Maldives heads to historic presidential poll
Asia's longest serving political leader is facing the prospect of losing his job as the President of the Maldives. The Indian Ocean tourist paradise is having its first taste of democracy with multi-party elections being held to choose a president for the next five years. The 71 year old incumbent, President Maumon Abdul Gayoom, has ruled the Maldives for three decades, but says he needs another five years to continue his reforms.
The Maldives voted on Wednesday in its first democratic presidential elections that could see Asia's longest-serving president ousted by a former political prisoner.
The polls on the Indian Ocean archipelago pit incumbent President Maumoon Abdul Gayoom, aged 71, and the islands' strongman for the past 30 years, against five bitter rivals.
They will also be a test for the Muslim nation's often tense transition to democracy, which Gayoom agreed to start two years ago after violent protests.
The president's main rival is seen as Maldivian Democratic Party (MDP) founder Mohamed "Anni" Nasheed -- one of the president's fiercest critics and a former Amnesty International prisoner of conscience.
"Gayoom presents himself as a reformer, but he's changed colour like a chameleon. He has a track record of a dictator. He has jailed opponents on the most ridiculous charges," the 41-year-old Anni said.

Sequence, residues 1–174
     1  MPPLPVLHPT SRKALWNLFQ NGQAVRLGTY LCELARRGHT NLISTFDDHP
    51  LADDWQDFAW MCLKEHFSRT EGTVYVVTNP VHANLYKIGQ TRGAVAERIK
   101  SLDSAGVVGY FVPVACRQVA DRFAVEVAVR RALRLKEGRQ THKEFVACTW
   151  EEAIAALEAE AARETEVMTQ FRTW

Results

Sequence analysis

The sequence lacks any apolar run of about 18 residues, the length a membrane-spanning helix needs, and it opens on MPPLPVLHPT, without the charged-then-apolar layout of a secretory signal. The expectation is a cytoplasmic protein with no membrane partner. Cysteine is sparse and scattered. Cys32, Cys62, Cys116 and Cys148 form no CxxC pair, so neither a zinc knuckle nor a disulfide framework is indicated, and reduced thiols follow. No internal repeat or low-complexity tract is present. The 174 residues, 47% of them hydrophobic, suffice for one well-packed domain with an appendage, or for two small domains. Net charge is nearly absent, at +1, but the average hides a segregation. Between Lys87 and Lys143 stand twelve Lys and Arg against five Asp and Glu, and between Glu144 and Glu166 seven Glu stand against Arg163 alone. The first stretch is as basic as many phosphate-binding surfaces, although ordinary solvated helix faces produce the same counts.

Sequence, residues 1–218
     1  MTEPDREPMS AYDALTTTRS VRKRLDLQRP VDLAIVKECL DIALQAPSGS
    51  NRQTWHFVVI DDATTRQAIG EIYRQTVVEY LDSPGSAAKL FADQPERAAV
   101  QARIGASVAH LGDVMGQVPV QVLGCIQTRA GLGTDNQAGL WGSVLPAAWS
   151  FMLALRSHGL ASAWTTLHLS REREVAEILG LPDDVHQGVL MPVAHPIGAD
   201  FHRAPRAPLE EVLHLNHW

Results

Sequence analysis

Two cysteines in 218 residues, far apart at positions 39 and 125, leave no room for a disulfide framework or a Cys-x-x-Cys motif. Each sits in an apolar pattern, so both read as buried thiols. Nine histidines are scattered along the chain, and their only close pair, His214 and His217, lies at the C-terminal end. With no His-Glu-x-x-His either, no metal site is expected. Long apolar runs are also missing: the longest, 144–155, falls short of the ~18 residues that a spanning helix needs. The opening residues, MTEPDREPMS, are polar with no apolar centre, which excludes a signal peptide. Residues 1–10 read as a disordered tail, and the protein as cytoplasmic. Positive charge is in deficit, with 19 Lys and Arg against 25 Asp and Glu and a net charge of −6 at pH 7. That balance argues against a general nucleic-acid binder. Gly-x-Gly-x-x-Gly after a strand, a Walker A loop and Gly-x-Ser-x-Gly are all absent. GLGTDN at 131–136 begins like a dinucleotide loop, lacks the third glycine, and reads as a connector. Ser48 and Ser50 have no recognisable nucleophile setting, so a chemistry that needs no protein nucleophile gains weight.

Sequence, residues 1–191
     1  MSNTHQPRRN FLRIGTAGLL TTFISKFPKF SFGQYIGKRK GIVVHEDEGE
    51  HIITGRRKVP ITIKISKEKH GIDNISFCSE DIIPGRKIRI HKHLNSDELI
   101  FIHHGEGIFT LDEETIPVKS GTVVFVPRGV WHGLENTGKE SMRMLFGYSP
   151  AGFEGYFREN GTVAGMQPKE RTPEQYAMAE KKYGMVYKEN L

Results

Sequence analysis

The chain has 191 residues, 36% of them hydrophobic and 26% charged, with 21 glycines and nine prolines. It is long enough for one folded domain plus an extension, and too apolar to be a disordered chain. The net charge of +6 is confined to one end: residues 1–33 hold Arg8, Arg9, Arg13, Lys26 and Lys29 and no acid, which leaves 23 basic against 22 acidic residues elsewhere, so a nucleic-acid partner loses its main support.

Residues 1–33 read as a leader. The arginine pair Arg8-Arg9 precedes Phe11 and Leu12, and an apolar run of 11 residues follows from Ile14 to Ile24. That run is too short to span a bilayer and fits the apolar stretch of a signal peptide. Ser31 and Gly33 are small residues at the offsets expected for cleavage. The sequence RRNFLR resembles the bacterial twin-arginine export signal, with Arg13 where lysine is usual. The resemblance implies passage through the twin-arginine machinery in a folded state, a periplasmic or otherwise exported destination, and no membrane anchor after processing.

Previously it was illegal to even criticise Gayoom, who has served six terms under a one-candidate system. The opposition says half the top government jobs are held by Gayoom's family.
"But I hope we can push him out gracefully," Anni said, branding Gayoom as a "has-been sultan" who was now resorting to buying votes.
Gayoom has built South Asia's richest nation, per capita, thanks to dozens of resorts on white sand beaches and crystal clear waters -- where hotels charge up to 15,000 dollars a night.
But the Maldives are also suffering from increasing drug use, worsening crime and a chronic housing shortage in the cramped island capital Male.
The country suffered its first ever terror attack a year ago, with Islamic militants blamed for bombing a park in Male and wounding a dozen tourists.
While opposition rallies have been drawing large crowds in Male, Gayoom has been busy island-hopping on outlying atolls -- where more than half the electorate lives and where his conservative Muslim platform appears to be well received.
Still, security around him remains tight -- in January, one islander tried to stab him with a kitchen knife.
Gayoom says he can fight off any challenger and win more than 50 percent of the votes to avoid a run-off but with no reliable opinion polls, the outcome is seen as impossible to predict.